ilagardien at ilagardien at
Tue Nov 30 12:47:31 MST 1999


I am a South African and a subscriber to your list. Due to work pressure I have
not made any contributions to discussions on this list; I am also on other
lists, Progressive Sociologists, International Political Economy etc. I tend to
make quick comments on the latter forum, only. I am, also, a student/scholar of
the International Politics of Africa  and did an MSc in this at the London
School of Economics.

In general, I agree with your short summary on Africa: it is indeed difficult to
be Panglossian about Africa, perhaps more so than the whole world. The numbers,
the geography, the climate, the political structures, the political economies
and the exogenous pressures (international institutions, foreign governments)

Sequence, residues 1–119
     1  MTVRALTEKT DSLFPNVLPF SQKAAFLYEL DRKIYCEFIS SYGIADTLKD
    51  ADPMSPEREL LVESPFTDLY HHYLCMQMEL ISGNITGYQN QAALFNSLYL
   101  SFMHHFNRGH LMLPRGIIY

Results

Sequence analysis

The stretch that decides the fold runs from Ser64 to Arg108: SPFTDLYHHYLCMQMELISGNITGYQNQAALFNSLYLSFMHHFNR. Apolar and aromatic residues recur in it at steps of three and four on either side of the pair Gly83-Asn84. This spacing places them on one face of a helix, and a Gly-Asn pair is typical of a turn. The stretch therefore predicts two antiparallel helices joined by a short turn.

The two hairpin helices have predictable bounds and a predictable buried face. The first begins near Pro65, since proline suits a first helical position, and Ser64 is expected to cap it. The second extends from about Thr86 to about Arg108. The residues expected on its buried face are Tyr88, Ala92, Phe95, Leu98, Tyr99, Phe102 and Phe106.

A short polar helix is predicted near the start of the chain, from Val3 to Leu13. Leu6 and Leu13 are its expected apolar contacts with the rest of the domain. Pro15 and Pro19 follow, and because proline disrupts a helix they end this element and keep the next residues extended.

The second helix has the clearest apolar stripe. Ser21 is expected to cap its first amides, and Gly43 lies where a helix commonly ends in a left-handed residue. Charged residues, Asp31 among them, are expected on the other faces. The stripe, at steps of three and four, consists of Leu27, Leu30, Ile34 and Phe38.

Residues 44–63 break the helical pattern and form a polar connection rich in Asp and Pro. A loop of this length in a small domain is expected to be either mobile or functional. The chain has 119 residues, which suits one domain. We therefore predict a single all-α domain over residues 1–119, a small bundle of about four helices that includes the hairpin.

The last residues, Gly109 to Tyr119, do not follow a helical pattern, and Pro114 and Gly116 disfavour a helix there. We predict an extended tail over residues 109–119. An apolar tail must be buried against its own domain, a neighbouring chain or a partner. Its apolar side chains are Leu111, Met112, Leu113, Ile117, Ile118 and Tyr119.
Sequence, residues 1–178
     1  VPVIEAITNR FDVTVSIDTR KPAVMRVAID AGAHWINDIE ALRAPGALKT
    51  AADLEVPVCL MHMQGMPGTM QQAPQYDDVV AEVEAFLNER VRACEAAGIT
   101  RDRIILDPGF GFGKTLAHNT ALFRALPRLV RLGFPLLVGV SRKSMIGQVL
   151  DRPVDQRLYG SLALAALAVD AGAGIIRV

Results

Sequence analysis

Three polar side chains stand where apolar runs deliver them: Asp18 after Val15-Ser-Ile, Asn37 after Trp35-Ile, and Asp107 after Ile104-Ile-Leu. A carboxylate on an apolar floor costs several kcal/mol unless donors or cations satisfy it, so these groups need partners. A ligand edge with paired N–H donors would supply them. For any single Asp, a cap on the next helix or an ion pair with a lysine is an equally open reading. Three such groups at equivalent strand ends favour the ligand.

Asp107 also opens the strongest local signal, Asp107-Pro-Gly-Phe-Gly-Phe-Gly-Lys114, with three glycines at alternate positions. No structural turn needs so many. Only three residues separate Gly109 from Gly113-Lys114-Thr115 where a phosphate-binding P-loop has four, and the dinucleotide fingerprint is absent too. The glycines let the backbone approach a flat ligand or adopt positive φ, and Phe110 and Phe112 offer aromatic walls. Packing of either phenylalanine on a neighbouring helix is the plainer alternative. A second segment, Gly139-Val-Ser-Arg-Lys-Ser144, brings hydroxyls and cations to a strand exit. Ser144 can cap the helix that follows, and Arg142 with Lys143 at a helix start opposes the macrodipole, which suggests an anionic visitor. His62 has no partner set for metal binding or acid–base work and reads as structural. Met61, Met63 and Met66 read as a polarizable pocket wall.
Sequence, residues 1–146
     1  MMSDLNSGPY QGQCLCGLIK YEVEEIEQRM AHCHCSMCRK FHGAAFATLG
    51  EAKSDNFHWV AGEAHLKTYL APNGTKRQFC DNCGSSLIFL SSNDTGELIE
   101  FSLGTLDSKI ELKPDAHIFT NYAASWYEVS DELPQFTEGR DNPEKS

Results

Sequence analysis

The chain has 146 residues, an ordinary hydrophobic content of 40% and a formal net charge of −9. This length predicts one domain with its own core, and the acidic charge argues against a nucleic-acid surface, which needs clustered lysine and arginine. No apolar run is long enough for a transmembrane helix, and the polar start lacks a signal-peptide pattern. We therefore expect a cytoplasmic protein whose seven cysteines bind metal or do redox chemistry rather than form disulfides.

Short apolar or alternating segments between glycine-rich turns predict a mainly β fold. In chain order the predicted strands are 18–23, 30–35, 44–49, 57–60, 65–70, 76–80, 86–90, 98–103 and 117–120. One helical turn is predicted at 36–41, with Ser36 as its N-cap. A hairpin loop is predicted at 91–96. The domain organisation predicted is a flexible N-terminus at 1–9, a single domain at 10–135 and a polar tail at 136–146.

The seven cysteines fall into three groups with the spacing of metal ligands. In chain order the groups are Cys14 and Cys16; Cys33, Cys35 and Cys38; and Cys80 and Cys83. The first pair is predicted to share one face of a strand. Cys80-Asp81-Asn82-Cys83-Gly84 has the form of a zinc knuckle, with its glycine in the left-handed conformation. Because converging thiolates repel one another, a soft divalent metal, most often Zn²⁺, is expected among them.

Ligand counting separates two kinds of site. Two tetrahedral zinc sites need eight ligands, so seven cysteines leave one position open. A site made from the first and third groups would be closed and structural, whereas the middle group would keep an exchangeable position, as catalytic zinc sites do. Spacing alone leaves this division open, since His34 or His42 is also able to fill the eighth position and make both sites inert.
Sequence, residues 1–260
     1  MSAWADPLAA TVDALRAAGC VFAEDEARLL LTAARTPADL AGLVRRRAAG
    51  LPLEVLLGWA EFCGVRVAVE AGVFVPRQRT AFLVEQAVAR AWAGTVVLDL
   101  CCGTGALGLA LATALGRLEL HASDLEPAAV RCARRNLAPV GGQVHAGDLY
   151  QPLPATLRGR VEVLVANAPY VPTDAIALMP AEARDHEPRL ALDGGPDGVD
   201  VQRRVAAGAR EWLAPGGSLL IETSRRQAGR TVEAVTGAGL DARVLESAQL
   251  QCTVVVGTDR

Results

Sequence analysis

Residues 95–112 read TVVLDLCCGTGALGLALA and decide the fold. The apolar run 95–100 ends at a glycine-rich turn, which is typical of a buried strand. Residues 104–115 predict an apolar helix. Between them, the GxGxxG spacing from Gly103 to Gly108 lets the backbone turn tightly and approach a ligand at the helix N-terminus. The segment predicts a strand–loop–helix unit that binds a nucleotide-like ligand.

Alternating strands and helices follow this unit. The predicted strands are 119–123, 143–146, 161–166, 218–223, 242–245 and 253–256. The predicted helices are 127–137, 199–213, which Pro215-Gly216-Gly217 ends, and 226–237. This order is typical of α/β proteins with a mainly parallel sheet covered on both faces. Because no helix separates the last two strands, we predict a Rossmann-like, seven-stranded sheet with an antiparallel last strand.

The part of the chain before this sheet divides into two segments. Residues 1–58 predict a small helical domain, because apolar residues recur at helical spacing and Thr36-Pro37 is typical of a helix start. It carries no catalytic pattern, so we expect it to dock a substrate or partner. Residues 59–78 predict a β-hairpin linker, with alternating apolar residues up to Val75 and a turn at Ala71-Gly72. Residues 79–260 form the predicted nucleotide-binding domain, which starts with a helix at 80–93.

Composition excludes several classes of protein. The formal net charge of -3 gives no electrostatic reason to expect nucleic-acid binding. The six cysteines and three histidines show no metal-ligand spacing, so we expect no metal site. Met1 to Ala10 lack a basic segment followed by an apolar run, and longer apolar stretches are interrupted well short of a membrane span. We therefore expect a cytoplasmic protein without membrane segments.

are enormous.

Basil Davidson's work is arguably the best, but for anyone interested in more
detailed political economy, read, Michael Barrat Brown's Africa's Choices: After
30 years of the World Bank. (penguin in England and Westview publishers in USA)
And then go to the more philosophical and political work of Fanon, Cabral,
Wallerstein etc

I will gladly lead a discussion on Africa if people are interested.

About Gates' documentary on Africa. It was profoundly racist (a veritable feast
of US perceptions, perspectives and conceptions on race) a misguided,
ill-informed and deeply offensive analysis - if one can call it that - of "the
origins" of the ethnicity, anthropological, historical, cultural and traditional
origins of African-Americans.... it reduces an entire continent of more than 50
countries to a cultural/political/historical stereotype and then, of course, it
was coloured with meaningless bourgeoise sentimentalities.

Good Luck

Ismail Lagardien
Office of the Chief Economist and
Senior Vice President of
Development Economics
The World Bank
Washington DC

202 473 9603

Visit the World Bank Chief Economist page at:

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